New GBTA Foundation report reveals companies may lack safety services and visibility into business travel plans

Latest study uncovers the impact business traveller booking behaviour has on safety

A new Global Business Travel Association (GBTA) Foundation report finds that more than three-quarters of business travellers in the U.K., Germany and France agree that their organisations care about their safety while travelling for work. Conducted in partnership with Concur, the How Traveller Booking Behaviour Impacts Safety study, also found risk management services supporting business travellers are still far from comprehensive and universal.

“During these times of global uncertainty, business leaders have a responsibility to know where employees are and keep them safe and informed,” said Scott Torrey, Chief Revenue Officer, Concur. “One of the most surprising results of the study is that more than half of business travellers know that not booking through company channels can affect their safety but a majority still book outside. This means that companies need to put a stronger focus on safety, and I firmly believe duty of care is one of the most important things a business can do for its employees.”

Business travellers in the U.K., Germany and France agree organisations care about their safety. In fact, the GBTA Foundation found that in an emergency or security event, business travellers overwhelmingly expect their company to proactively contact them, with at least two-thirds expecting their company to do so within two hours.

However, two-thirds of business travellers acknowledge that not booking through company channels can affect their safety by making it more difficult for their company or TMC to locate and contact them in an emergency. The irony is that roughly seven out of 10 travellers booked outside of company channels at least once in the past year, even when they had a TMC or access to an OBT.

This suggests organisations could be doing more to protect employees with risk management services and technologies and better educating on the services and policies in place to support employees travelling on business.

The report uncovered several other travel risk management trends among U.K., German and French business travellers.

  • Direct bookings. In the last year, nearly half of business travellers used a corporate online booking tool (OBT). However, nearly 70 per cent of business travellers whose company uses a TMC say they booked at least one business trip directly with a supplier in the last year. Fewer than 40 per cent say their organisation has a system in place to capture travel plans and itineraries booked directly with suppliers.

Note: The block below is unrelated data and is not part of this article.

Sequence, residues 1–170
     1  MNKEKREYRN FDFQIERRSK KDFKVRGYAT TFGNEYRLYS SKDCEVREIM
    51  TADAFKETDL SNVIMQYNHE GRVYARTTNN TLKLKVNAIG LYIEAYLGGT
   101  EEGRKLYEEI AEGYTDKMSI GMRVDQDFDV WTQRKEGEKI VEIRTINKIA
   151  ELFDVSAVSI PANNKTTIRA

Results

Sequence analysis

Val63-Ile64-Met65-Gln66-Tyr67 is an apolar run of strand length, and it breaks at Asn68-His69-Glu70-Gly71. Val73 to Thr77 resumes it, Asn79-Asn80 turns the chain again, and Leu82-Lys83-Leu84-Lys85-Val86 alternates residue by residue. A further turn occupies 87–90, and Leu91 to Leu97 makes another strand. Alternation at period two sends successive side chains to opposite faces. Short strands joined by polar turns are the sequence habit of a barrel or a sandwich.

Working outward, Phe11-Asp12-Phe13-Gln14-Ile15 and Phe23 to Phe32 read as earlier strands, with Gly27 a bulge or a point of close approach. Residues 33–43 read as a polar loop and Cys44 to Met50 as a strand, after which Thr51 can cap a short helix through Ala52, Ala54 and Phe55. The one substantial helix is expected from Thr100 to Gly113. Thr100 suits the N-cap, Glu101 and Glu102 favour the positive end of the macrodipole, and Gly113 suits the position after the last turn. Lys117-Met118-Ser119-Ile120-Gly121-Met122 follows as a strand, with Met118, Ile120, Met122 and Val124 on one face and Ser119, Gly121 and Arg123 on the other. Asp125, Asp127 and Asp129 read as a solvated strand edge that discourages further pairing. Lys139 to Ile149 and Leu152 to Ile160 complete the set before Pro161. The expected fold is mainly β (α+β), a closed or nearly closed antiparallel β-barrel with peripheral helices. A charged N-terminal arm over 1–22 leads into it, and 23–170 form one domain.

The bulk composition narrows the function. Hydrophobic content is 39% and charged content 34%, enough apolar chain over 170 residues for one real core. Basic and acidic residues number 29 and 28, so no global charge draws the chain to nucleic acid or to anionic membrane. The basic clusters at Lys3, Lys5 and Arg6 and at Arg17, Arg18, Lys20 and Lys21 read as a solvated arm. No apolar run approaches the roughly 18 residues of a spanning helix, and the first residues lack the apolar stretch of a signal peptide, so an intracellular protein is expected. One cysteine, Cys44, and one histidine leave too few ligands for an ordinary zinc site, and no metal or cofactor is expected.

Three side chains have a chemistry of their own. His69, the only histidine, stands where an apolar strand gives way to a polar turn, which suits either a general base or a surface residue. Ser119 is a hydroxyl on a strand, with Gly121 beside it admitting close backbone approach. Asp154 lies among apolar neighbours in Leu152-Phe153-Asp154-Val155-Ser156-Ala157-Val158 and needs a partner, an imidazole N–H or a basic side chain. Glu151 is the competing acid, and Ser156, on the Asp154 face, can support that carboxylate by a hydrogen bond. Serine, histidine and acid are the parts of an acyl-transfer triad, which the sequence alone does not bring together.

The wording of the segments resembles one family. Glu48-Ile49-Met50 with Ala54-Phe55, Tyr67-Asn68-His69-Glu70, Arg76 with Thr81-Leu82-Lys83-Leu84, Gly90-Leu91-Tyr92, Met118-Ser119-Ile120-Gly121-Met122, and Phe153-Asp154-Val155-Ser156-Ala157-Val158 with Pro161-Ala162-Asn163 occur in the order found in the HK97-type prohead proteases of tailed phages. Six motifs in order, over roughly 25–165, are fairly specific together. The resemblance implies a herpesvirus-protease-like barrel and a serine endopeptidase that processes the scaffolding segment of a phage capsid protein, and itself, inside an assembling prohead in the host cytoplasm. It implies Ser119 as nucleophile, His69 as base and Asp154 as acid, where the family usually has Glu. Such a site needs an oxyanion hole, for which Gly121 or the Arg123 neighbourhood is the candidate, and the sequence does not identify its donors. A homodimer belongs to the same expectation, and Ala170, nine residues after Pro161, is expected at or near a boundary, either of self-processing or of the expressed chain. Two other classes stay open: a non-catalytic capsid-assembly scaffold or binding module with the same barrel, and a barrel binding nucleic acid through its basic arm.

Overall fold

• Traveller locating. Travellers expect their companies to use a range of information to quickly locate them during an emergency or security event including travel itineraries (53 per cent), GPS information from employer-provided smartphone apps (44 per cent) and expense report information (32 per cent).
  • Traveller services. Less than half of German business travellers (49 per cent) say that their organisation provides them with an assistance hotline in case of an emergency while there are more business travellers in the U.K. (57 per cent) and France (65 per cent) that have access to an emergency hotline provided by their company.
  • Training and resources. More than one-half of business travellers report their organisations provide travel safety trainings, but there’s a consensus that more would be helpful. Some 61 per cent of travellers expressed interest in group and one-on-one trainings, and the majority – approximately 65 per cent – would prefer to receive several trainings each year.

“Over three years of tracking booking data, a majority of business travellers who had access to an OBT consistently say they booked directly with a supplier or with an OTA in the past year, meaning their company may not have had access to their travel data,” said Monica Sanchez, director of research for the GBTA Foundation. “Missing or incomplete booking data can greatly hinder a company’s ability to care for their travellers as it plays a key role in duty of care – enabling virtually every risk management function that companies perform.”

In response to growing travel risk management challenges, Concur introduced Concur Locate and Active Monitoring earlier this year. Concur Locate with Active Monitoring, powered by Healix, is the first integrated traveller risk management solution drawing from the industry’s most comprehensive data set including travel and expense data, itineraries booked direct captured through TripLink and TripIt, and supplier e-receipts. Businesses of all sizes can benefit from 24/7 monitoring, communications support and traveller assistance, without the infrastructure or headcount associated with a global security operations centre.

This announcement took place at the GBTA Conference 2017 in Frankfurt. Attendees can learn more about the study findings at the conference on Thursday, November 30 at 9:00 a.m. CET. Attendees can also hear more about Concur Locate and Active Monitoring at booth #28.

The How Traveller Booking Behaviour Impacts Safety study surveyed 735 business travellers in the U.K., Germany and France over September and October 2017. For more information about findings and methodology, the report is available for download here.

Venue & Supplier Profiles